The ideal treatment for LGGs is complete surgical resection. However, this may not always be possible. When there is residual tumor or the location does not allow more than a biopsy, further treatment is controversial. Some tumors progress very quickly, others grow more slowly, others remain stable for many years, and others may even regress without treatment. Consequently, management should consider both treatment of symptoms and long-term control of the tumor as the child grows.
Radiotherapy may cause cognitive and/or endocrinological alterations, radionecrosis, or malignant changes (17). The problem is deciding when to give radiotherapy, what the effective dose will be for the type of LGG being treated, and how the patient will tolerate the treatment. The complications of radiotherapy are related to age and volume of brain radiated, with younger children having higher morbidity rates. Hence, in young children, chemotherapy is often preferred to radiotherapy (18).
- Type of radiation: In newer types of radiotherapy, “focal or conformal” treatments are administered to LGGs without damage to neighboring cerebral tissue. Examples of such treatments are stereotactic radiotherapy, intensity-modulated radiotherapy (IMRT), image-guided radiotherapy, and proton-beam therapy (17). Stereotactic radiosurgery (a single, very elevated necrosing dose of radiation) has also been used to treat LGG recurrence.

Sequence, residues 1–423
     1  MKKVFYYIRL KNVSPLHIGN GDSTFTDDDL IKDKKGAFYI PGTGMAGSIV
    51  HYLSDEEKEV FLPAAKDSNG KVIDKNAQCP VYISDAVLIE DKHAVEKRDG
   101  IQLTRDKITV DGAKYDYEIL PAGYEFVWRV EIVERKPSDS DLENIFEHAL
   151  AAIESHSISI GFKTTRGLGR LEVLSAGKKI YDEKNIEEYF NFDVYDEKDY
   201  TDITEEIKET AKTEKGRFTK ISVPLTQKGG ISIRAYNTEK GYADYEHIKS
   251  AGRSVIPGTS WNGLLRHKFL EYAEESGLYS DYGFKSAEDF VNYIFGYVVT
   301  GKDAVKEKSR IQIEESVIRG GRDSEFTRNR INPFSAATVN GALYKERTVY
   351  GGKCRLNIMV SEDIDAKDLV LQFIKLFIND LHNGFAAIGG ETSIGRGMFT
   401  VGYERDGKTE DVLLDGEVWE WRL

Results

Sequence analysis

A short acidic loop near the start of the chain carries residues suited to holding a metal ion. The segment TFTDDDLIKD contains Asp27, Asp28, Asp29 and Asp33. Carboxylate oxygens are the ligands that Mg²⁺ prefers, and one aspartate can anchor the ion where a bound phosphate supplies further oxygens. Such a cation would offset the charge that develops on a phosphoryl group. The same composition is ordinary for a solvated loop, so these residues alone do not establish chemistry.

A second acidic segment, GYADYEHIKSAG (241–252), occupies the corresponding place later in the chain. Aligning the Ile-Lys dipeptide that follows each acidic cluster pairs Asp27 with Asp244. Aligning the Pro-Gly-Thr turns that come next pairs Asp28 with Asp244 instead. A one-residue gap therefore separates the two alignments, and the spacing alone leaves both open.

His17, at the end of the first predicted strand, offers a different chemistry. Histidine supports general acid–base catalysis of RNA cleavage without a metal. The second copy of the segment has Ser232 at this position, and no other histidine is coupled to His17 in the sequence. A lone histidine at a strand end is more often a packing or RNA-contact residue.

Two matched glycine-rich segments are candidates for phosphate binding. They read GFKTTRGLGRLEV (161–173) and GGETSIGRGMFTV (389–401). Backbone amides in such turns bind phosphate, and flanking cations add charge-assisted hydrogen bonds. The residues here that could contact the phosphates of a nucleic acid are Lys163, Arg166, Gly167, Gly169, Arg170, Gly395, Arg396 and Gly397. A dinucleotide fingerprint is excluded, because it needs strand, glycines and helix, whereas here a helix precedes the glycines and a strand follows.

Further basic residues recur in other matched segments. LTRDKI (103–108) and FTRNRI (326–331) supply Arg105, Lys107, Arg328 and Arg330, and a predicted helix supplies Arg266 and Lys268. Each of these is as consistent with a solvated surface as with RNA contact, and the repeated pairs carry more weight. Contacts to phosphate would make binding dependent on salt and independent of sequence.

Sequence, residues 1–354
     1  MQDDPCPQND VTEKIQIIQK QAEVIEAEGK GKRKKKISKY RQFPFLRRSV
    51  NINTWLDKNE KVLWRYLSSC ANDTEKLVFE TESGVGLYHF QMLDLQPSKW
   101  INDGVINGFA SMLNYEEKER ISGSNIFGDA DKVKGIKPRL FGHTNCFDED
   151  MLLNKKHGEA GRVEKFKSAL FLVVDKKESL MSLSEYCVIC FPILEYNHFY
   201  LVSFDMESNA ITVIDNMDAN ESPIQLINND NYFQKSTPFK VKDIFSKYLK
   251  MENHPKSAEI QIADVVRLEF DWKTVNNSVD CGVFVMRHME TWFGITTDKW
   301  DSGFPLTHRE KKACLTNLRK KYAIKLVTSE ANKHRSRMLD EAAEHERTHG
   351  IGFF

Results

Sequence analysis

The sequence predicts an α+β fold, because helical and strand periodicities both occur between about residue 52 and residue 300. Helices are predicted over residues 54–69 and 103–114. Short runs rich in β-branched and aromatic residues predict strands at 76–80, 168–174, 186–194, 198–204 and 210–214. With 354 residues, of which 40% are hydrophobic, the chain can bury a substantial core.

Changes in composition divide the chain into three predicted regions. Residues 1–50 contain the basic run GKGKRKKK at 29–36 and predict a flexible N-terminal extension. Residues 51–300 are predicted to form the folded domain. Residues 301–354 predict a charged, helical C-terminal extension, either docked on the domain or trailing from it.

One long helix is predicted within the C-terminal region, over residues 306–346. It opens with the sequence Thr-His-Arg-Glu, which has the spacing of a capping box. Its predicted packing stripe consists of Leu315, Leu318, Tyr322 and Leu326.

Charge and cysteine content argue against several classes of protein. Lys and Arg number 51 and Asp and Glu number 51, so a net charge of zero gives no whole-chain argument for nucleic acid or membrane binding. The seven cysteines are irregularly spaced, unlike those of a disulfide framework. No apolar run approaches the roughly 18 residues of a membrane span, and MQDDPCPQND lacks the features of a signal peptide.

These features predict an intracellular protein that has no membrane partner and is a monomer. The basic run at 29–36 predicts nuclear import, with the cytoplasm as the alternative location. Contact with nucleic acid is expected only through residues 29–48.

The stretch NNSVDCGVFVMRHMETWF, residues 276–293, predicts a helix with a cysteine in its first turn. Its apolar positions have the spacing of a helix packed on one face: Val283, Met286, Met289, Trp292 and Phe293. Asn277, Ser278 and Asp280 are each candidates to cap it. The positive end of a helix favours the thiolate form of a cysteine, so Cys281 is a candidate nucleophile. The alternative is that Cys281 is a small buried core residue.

- Age limits for use of radiation: Radiotherapy is generally not used in patients younger than 3 years of age; and, unless there are no other options, radiotherapy is avoided up to the age of about 7 years. With the newer forms of conformal radiotherapy (including stereotactic radiotherapy) some consideration is being given to using focal radiotherapy in younger children (19).
- Timing of radiotherapy or chemotherapy: Radiotherapy and chemotherapy are generally not recommended immediately after the complete or near complete resection of a tumor. In such patients, radiotherapy or chemotherapy is considered if the tumor recurs or progresses, often after further surgery. However, patients with unresectable tumors are considered for radiotherapy or chemotherapy immediately after surgery when there is a high risk for progression.
- Temozolomide: The classic combination of procarbazine, lomustine (CCNU), and vincristine has been replaced by temozolomide due to its easy administration and reduced toxicity. When used as first-line treatment for LGGs, temozolomide has achieved good results in 31–61% of cases (20). Temozolomide has also been found to improve the prognosis in patients treated with radiotherapy (19).
- Oligodendrogliomas: Excellent results (90%) have been obtained with procarbazine and temozolomide in the treatment of oligodendroglioma recurrence and in anaplastic oligodendrogliomas (19).